In the Garden:
Northern California Coastal & Inland Valleys
July, 2001
Regional Report

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174

A sample of the cactus plantings at the Berkeley Botanical Garden.

Learning to Love Cactus

In the beginning of my gardening career, I wasn't a big fan of cactus. As a professional gardener for the City of Napa Parks Department, part of my job was to weed and maintain the cactus garden at Kennedy Park. It was low on the priority list for maintenance, so when a crew finally got out there, it was usually a weedy mess. Pulling weeds among thorny cactus plants is sticky business. After a few hours of hoeing and cleaning, the cactus were once again ready to greet their adoring public.

Cactus Are Survivors

When I moved to greener pastures, professionally speaking, I had the opportunity to learn about and care for a well-managed cactus patch. Many species were represented and I found with regular maintenance, these miraculous plants can be an elegant focal point in the landscape. The specimens in a cactus garden range in texture and size from low growing ground covers to towering pillars of fantastic shapes.

Now that I am undergoing treatment for breast cancer, I find I admire the tenacity and survival tactics of these hardy plants. Although cactus are perfectly adapted the most hostile environments on our planet, they can grow in more pleasant surrounding as well. With a little soil conditioning, they will adapt well to our soil, temperature, and humidity conditions along the coast.

Cactus Soil

I recently visited the Berkeley Botanical Garden where there's a large collection of cactus residing right next to a grove of redwood trees. It's hard to believe, but the cactus are happy with just a minor change in soil drainage, which is provided by adding crushed granite, sand, or even organic compost to the existing soil. The perfect cactus garden soil is actually a combination of all three mixed with a little ground limestone to increase the alkalinity.

Getting Started with Cactus

Before you plant, spend time selecting a site located in full sun. Many cacti don't have true leaves and photosynthesize through the green skin on the plant. Adequate sun light is imperative to the health of these plants. Plant taller varieties on the north side of the plot so that they don't shade the lower growing ones in front. Select your favorite cactus plants. I don't care for the aggressive thorns on the Jumping Cholla or Bunny Ears Opuntia, so my garden will never see the likes of those varieties. However, I'm partial to Old Man Cactus (Cephalocereus senilis) and the elegant Golden Barrel (Echinocactus grusonii).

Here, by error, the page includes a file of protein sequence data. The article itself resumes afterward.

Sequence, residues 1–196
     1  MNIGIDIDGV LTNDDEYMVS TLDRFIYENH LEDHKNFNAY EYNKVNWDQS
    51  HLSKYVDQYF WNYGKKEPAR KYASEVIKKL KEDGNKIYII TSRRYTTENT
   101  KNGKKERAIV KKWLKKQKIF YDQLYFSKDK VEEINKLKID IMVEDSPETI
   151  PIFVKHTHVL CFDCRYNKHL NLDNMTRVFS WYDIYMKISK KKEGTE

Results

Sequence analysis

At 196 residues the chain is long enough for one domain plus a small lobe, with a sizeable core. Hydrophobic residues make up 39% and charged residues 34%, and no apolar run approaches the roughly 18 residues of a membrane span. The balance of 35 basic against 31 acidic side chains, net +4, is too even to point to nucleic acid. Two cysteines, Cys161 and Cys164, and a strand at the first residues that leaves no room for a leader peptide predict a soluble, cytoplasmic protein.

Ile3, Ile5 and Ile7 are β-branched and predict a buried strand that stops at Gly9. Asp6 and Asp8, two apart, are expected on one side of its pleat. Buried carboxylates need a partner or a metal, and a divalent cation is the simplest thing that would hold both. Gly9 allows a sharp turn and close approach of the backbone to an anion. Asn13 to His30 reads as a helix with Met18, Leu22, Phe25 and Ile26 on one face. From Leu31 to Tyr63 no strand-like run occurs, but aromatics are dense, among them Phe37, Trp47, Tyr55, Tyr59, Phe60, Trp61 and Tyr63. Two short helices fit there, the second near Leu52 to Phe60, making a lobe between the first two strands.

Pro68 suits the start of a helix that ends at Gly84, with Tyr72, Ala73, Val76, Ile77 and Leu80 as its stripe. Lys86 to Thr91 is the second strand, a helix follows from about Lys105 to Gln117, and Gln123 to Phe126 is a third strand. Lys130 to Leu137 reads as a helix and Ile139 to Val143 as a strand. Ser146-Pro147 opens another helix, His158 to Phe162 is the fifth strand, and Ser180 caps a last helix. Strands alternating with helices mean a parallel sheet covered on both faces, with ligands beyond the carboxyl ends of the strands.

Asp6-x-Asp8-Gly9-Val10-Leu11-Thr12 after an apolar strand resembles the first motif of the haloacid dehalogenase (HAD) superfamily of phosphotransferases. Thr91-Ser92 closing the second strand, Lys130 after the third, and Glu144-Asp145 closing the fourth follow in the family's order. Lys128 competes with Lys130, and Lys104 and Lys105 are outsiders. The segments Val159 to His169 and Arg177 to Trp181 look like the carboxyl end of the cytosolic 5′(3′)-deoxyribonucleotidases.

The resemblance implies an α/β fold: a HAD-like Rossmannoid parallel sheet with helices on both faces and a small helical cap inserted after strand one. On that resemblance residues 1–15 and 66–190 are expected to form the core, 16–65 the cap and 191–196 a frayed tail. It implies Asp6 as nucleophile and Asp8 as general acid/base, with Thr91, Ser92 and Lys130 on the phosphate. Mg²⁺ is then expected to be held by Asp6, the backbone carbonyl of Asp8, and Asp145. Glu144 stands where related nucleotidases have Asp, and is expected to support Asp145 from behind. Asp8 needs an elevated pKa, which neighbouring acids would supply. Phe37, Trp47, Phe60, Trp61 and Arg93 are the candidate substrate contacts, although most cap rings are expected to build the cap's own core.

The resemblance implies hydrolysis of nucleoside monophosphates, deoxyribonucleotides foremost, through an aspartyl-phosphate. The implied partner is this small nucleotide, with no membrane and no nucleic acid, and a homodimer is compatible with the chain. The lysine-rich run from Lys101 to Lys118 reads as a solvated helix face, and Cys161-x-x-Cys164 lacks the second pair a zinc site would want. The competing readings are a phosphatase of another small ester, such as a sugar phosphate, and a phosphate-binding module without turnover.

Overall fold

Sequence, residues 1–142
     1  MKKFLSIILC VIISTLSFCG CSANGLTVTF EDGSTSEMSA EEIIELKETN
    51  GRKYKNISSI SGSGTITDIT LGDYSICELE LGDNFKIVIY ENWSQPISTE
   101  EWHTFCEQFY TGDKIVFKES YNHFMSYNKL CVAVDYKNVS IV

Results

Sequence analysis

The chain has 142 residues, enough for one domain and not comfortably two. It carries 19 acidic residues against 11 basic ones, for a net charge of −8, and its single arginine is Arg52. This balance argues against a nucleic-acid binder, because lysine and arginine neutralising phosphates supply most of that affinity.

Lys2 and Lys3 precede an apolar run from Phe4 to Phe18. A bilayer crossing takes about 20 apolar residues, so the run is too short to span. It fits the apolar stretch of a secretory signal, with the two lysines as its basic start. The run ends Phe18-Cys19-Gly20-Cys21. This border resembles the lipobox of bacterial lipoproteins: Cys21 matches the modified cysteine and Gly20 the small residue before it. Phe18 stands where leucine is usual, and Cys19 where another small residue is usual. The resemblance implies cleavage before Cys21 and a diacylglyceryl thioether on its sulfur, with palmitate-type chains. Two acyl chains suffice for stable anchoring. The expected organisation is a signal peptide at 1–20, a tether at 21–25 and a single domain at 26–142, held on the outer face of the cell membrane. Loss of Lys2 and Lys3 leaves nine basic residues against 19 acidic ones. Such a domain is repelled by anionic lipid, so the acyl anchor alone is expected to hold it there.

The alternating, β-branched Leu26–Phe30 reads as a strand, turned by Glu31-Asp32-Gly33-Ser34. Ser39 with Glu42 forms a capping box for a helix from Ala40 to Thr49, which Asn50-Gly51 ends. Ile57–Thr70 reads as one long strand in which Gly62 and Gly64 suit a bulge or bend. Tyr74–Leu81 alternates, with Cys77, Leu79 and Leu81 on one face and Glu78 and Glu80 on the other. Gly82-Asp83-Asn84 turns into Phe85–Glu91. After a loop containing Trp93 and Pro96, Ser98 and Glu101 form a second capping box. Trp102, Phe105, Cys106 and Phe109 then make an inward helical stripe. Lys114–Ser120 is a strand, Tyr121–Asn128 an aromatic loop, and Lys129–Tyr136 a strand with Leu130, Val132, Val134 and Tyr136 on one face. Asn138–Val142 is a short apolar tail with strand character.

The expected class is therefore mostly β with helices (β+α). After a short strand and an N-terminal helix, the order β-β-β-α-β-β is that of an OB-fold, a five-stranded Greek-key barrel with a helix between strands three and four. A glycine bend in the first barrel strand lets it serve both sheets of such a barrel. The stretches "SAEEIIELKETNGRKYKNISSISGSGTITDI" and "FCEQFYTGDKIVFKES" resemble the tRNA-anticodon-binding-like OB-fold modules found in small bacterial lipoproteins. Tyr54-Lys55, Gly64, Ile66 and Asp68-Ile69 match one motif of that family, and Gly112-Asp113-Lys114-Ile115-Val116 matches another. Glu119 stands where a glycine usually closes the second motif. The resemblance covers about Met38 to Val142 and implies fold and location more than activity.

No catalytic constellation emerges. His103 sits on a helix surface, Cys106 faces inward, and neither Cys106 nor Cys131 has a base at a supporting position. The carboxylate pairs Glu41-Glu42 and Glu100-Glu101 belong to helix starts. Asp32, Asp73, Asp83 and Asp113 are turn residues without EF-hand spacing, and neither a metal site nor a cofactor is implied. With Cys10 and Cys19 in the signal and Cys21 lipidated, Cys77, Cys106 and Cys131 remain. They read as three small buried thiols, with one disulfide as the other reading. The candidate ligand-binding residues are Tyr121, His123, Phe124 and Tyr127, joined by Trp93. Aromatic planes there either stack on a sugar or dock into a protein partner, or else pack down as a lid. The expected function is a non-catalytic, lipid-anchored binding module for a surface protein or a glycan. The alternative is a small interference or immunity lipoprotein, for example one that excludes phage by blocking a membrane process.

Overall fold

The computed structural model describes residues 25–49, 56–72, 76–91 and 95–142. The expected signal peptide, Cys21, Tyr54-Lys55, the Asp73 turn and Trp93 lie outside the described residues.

Mini Cactus Gardens

Perhaps you don't have room in your garden for an area dedicated to cactus. I'd recommend a small dish garden for your patio table instead. Dish gardens are easy to construct and cost very little, especially when you purchase small plants from the nursery. A 2 inch pot will cost between $.99 and $2.99. At these prices, you can pick up several plants that grab your interest to begin your cactus collection.

Growing Cactus in Containers

It's always best to use a container with a drainage hole. It's most important you allow the soil to dry thoroughly between watering, no matter what type of container you decide to use. I like to use a commercially prepared cactus potting mix. It provides maximum drainage and the correct nutrients. To handle your prickly plants, lasso them with a collar of folded newspaper to move them from pot to pot. This prevents them from biting your fingers and frustrating you even before they're planted.

These hardy little plants also require a rest period during the winter months. Place plants in a protected sunny spot away from rainfall and frost through the winter and withhold water between November and February. You will know when the dormant period is over because the plants begin to grow. At that point, fertilize with ground limestone, start your watering program again and be patient. If you have done everything just right, your cactus will even reward you with a bloom or two.


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